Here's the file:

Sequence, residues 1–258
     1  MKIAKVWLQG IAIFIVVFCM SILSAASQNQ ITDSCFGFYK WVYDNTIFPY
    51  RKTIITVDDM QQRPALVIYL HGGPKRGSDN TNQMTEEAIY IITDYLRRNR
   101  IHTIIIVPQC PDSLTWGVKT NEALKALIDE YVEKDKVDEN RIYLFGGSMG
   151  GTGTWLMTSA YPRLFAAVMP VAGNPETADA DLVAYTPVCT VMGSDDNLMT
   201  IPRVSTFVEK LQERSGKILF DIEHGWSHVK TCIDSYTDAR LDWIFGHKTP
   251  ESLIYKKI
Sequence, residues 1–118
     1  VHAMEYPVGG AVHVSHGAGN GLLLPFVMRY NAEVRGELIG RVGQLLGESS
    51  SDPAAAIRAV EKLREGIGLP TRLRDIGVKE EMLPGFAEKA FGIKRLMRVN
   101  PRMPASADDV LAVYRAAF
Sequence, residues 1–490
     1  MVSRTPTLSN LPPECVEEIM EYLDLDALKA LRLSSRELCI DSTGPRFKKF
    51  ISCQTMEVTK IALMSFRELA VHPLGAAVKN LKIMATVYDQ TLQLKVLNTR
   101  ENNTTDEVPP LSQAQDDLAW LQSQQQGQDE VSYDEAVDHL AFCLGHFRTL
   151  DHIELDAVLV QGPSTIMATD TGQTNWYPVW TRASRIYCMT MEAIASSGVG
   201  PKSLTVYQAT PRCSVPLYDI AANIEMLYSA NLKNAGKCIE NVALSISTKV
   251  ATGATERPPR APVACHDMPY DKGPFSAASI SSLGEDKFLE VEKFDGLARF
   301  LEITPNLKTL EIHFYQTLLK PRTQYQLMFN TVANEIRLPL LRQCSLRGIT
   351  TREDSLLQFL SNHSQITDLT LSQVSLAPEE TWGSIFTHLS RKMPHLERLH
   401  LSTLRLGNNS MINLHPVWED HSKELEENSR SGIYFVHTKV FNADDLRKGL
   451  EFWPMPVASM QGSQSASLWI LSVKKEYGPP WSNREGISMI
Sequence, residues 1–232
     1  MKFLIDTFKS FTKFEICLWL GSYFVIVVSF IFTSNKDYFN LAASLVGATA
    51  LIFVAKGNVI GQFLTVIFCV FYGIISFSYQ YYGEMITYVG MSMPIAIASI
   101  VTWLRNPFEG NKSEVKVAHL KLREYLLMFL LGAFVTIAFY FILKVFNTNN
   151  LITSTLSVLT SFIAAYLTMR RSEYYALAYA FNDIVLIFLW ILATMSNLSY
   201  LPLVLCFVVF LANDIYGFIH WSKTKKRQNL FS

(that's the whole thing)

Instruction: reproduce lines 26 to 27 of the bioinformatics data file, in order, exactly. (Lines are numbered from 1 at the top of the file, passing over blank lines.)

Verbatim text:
   101  VTWLRNPFEG NKSEVKVAHL KLREYLLMFL LGAFVTIAFY FILKVFNTNN
   151  LITSTLSVLT SFIAAYLTMR RSEYYALAYA FNDIVLIFLW ILATMSNLSY